What Would You Do?

Published: August 24, 2009

By Jim Lichtman
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Here’s the scenario:

You’re an executive at a large, retail store. Company policy clearly tells employees that if they witness any shoplifting, they are not to go after the suspected thief outside the store.

Word comes of a shoplifting event at one of your stores. Two employees wrestle the suspect to the ground outside the store, but in spite of their best efforts, the suspect escapes. Corporate policy says that you must fire any employee who violates the policy whose purpose is to protect the safety of both employees and the public.

What do you do?

This scenario was played out early this month at a Best Buy store in Broomfield, Colorado.

According to the Wall Street Journal, “Mr. Bergstreser said he gave chase when a man burst out of the [store]… with an armload of electronics he hadn’t paid for. Mr. Bergstreser, a 20-year-old former high-school football player, said he wrestled the man to the ground. Mr. Trapp, 23, said he also rushed out of the store and pinned the suspect.”

“I really wasn’t thinking,” Bergstreser said, adding that he was familiar with the policy. “I just sort of reacted.”

“Somehow, the alleged shoplifter was able to grab a pocket knife,” the Journal reports, “and cut a store manager who also had run outside. The suspect and a male accomplice then fled, jumping into a getaway car… No one has been arrested, the police said.”

In spite of what some have called “heroic efforts” by the two employees, they were fired.

“Employees who work in our stores are aware, and trained, on the standard operating procedures for dealing with shoplifting or theft,” Best Buy spokeswoman Kelly Groehler said. “These procedures are put in place first and foremost for the safety of our employees.”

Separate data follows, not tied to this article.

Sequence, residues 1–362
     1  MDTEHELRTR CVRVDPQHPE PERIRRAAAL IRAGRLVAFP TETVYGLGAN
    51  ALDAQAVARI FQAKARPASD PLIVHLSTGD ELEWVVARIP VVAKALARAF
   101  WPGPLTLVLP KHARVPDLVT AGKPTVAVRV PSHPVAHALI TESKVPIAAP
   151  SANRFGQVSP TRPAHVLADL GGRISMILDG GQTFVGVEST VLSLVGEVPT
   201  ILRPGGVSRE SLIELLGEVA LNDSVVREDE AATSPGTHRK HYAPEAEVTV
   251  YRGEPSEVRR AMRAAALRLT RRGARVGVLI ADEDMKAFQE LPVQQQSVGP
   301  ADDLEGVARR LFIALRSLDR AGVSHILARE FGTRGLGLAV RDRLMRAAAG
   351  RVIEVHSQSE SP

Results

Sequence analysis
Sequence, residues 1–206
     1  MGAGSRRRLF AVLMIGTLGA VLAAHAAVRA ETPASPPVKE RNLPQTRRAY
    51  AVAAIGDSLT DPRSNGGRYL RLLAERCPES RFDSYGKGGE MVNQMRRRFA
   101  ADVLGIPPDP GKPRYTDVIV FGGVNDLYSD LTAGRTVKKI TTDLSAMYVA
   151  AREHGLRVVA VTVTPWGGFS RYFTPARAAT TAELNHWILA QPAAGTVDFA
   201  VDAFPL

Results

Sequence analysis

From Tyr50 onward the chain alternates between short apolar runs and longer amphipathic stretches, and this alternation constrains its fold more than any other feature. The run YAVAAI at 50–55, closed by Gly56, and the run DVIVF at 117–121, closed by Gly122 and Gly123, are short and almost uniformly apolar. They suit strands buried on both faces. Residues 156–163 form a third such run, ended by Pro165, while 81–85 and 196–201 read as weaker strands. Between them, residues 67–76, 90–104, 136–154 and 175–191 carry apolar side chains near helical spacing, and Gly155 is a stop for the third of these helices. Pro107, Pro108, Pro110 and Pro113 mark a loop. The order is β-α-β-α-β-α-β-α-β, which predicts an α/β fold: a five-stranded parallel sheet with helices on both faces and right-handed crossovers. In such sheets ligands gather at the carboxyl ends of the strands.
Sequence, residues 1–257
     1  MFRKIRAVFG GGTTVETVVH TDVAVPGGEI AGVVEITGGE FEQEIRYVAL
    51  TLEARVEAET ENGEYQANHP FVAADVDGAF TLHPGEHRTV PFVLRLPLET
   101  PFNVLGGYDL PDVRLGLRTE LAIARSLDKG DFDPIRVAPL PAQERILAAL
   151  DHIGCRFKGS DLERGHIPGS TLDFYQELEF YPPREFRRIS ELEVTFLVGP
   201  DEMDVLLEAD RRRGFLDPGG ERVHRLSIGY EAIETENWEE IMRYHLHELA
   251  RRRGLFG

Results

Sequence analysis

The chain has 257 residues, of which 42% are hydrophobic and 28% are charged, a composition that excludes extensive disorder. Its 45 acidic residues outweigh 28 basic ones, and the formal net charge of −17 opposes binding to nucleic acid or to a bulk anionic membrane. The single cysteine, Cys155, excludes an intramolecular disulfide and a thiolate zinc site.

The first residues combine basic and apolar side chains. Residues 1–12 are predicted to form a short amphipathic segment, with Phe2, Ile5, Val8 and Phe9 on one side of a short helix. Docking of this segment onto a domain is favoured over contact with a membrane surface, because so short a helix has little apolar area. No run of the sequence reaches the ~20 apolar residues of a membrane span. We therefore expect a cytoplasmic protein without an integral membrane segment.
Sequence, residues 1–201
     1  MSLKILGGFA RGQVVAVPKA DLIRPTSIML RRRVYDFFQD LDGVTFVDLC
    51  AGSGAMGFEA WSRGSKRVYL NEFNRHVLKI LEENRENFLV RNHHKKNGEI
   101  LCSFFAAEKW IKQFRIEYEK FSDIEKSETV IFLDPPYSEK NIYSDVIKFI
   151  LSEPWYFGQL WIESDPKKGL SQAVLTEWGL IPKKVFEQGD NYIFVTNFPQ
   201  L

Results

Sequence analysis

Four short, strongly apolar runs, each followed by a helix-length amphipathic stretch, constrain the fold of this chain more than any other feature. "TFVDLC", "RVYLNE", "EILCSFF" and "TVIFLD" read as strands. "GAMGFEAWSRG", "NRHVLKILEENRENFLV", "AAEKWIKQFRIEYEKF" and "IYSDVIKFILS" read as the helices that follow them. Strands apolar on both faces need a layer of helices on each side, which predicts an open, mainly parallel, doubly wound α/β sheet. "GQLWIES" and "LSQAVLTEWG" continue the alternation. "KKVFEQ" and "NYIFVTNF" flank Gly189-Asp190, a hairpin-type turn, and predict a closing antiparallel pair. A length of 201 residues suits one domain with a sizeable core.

However, several locals had a different reaction to the firing of the two.

The two were “punished for not being cowards,” one commentator wrote on a Facebook page.

“Welcome to Best Buy, where no good deed goes unpunished!” said another.

“Shouldn’t heroism be rewarded?” asked an editorial in the Denver Post.

So, who’s right, Best Buy or the employees?

Clearly, Best Buy has the policy in place to protect employees as well as any shoppers who may be caught in the middle of an altercation, and they have made clear in their training that they want employees to avoid any trouble.

“I definitely went against company policy,” Bergstreser who worked the store’s “asset protection desk” said. “I don’t disagree with [the firing]. I put people in danger, and I put myself in danger.”

So, was Best Buy right in firing the two?

Legally, yes, but here’s how I think Best Buy could have handled the situation.

After debriefing the two employees on the incident, management could have made the following public statement:

“Our employees are a valued asset of the company. It is for this reason that we have a ‘hands-off’ policy regarding confronting any suspected shoplifter outside our stores.

“In reviewing the details of the incident, we have concluded that Mr. Bergstreser’s reaction, though against company policy was done in what he believed to be the best interests of the company. Mr. Trapp came to Mr. Bergstreser’s aid out of a sense of loyalty when he saw him in possible danger.

“We wish to emphasize that policies are put in place for the safety and well-being of both our customers and employees. In this incident, the store manager was injured, in part, due to the actions of Mr. Bergstreser and Mr. Trapp. As a result, Mr. Bergstreser and Mr. Trapp will be suspended without pay for (X) weeks, during which they will undergo further training in the proper way to respond to such incidents.

“We appreciate and acknowledge the duty both employees demonstrated to Best Buy. In the future, however, that duty can best be demonstrated by following the rules. Best Buy believes it is better to lose an armful of electronics rather than risk injury to any employee.”


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